michael jackson - thriller (album cover)Purple Rain (1984) is, if possible, even more ’80s-sounding than Thriller (1982), and while I have frequently made my position quite clear throughout this list that I hate the way music sounded in the ’80s, great songwriting is great songwriting. Most of the time when I hear something from the ’80s, the sound of it gets in the way of the content and I just can’t take it seriously. But with albums like Purple Rain and Thriller, it’s not like that. I hear the music for what it is, and the production doesn’t seem good or bad, it’s just kind of there. One of the clichés you’ll see a lot of film critics use is “this or that becoming a character in the movie” or something like that. (Examples: the snow in Fargo or the music in Into the Wild.) I think of Purple Rain‘s over-the-top, machine-like production in the same way.

It’s ridiculous, how this album sounds, and I’ll be the first to admit it, but I sort of find it charming. The synthesizers, the reverb, the drum machines — it’s all excess, but that’s what the ’80s were like. I always have viewed the ’80s as a baffling period in our country’s history. In fact, I have never pretended to understand it, even though I was born in the ’80s. The clothing, the hair, the music, the movies, even the president — I don’t understand why everyone older than I am looks back on the ’80s as some kind of magical time. Whenever I see movies or television from the ’80s, I think everyone just looks ridiculous. And the music from the decade is easily the worst offender, as far as art and culture goes. But Purple Rain comes across as more of an artifact. It’s one of those albums that you can put on and it takes you back in time, and I wasn’t even there in the first place. It’s that effective.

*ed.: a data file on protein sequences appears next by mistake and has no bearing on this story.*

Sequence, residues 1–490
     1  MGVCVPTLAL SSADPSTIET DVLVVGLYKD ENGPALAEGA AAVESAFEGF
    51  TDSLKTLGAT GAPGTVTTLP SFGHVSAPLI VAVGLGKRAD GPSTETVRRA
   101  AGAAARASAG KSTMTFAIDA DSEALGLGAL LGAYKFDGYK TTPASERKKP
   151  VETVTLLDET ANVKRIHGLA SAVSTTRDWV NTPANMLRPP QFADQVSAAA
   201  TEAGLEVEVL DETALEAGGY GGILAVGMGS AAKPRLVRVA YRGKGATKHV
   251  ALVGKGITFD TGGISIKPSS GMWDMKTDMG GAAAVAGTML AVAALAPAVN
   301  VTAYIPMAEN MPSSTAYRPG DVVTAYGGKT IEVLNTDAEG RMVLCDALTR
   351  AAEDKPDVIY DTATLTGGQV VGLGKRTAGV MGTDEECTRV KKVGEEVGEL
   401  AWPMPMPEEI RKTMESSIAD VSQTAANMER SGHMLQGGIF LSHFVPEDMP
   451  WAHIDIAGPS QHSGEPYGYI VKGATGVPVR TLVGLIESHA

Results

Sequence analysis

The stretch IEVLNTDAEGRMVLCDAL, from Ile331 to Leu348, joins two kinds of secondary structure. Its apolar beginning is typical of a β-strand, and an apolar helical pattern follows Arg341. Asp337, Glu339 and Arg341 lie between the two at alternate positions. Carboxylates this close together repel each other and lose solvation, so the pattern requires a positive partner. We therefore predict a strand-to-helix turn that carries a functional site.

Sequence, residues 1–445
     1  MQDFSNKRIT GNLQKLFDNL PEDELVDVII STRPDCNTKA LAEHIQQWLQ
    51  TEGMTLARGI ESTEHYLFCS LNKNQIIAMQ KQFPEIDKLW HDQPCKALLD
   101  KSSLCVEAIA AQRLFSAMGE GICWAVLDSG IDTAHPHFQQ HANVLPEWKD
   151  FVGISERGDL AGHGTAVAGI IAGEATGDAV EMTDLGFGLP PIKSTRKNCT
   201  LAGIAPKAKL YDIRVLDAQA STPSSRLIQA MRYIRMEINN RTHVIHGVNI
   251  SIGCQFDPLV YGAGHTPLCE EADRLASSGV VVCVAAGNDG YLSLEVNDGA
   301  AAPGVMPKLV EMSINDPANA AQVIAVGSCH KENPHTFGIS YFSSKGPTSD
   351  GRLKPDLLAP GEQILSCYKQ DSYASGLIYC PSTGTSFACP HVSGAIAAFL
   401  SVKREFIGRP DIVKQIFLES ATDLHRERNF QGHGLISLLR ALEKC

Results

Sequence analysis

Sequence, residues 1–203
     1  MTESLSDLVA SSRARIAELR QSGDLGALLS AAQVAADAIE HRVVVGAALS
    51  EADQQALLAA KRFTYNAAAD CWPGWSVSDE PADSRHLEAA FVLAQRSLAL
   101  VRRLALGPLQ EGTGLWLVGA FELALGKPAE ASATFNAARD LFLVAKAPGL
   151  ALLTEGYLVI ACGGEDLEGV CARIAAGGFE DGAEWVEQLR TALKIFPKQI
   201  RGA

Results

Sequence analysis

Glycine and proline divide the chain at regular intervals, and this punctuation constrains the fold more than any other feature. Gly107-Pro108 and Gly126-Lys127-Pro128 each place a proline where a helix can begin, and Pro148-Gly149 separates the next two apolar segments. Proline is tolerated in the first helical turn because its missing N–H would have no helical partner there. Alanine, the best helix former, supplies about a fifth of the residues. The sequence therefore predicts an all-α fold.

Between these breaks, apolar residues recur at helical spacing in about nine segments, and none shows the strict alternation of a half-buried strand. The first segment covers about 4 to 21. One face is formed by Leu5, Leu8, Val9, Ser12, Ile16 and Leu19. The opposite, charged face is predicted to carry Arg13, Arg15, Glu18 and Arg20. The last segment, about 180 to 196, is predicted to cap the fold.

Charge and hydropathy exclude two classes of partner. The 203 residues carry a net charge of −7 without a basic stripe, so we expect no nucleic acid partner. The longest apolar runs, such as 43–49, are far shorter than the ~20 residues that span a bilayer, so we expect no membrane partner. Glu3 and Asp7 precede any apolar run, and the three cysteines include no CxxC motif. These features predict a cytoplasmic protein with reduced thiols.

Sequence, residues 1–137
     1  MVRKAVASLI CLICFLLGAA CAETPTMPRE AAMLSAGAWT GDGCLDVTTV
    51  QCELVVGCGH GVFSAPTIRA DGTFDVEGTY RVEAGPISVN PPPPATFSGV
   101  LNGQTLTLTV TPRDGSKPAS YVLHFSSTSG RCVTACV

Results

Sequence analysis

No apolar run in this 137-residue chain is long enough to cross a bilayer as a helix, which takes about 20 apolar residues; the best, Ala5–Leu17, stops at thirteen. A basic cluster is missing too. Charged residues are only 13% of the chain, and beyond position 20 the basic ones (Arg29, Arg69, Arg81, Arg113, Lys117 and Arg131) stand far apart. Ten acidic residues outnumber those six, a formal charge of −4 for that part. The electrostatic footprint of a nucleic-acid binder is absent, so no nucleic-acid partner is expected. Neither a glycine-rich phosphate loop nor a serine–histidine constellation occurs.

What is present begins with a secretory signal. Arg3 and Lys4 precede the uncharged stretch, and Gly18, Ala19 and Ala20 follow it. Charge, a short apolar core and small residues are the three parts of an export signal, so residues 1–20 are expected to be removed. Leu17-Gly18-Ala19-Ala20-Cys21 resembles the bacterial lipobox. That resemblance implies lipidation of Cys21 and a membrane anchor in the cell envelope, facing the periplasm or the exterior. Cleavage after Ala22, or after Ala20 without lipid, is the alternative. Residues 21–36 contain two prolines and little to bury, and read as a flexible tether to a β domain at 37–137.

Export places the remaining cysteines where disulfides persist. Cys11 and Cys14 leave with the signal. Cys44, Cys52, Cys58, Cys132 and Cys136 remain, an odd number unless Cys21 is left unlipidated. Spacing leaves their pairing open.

Of course, if you’re familiar with Purple Rain, you’ll know that it’s actually a soundtrack to the movie of the same name. When I was putting together this list, I considered compilations and soundtracks ineligible, since I wanted to just focus on “real” albums. But then I saw some of the Purple Rain movie on the Palladia channel last summer and I decided Purple Rain had to make the list. What I didn’t know before seeing the film is that the movie is a complete joke. It might not have been the worst movie I’ve ever seen, but it was pretty damn close. Seriously, you think movies are bad now? Try watching Purple Rain, which is basically a 111-minute music video. To be fair, I came in during the middle and I didn’t watch very much of it — it was so bad I couldn’t even make it to the performances — but I saw enough. The dialogue, acting, directing and editing were all way, way below the standards we’ve become accustomed to almost thirty years later. Nevertheless, it grossed over $68 million on a $7 million budget, and the soundtrack was one of the biggest albums ever.

bruce springsteen - born in the u.s.a. (album cover)Once I saw some of the movie and read a little about it, I decided to include Purple Rain on the list since Purple Rain is basically a giant music video/vanity movie. Furthermore, most soundtracks feature songs by multiple artists and aren’t particularly coherent, whereas Purple Rain is in the tradition of the Beatles’ A Hard Day’s Night (1964) and Help (1965), which are considered albums by themselves. So I had to amend my rule and make an exception for Purple Rain, since it is very much its own work and has aged a lot better than the movie it supposedly pulls its material from. The truth is, the opposite likely happened, with the movie serving as an excuse to promote the album. Whatever the strategy, it certainly worked — the movie and album turned Prince into a superstar. Thriller might have sold better and Born in the U.S.A. is the best of the three in my opinion, but to me Purple Rain will always be the ultimate ’80s album. It’s just a fascinating listen, hearing all of the gears turn with that now hopelessly outdated technology.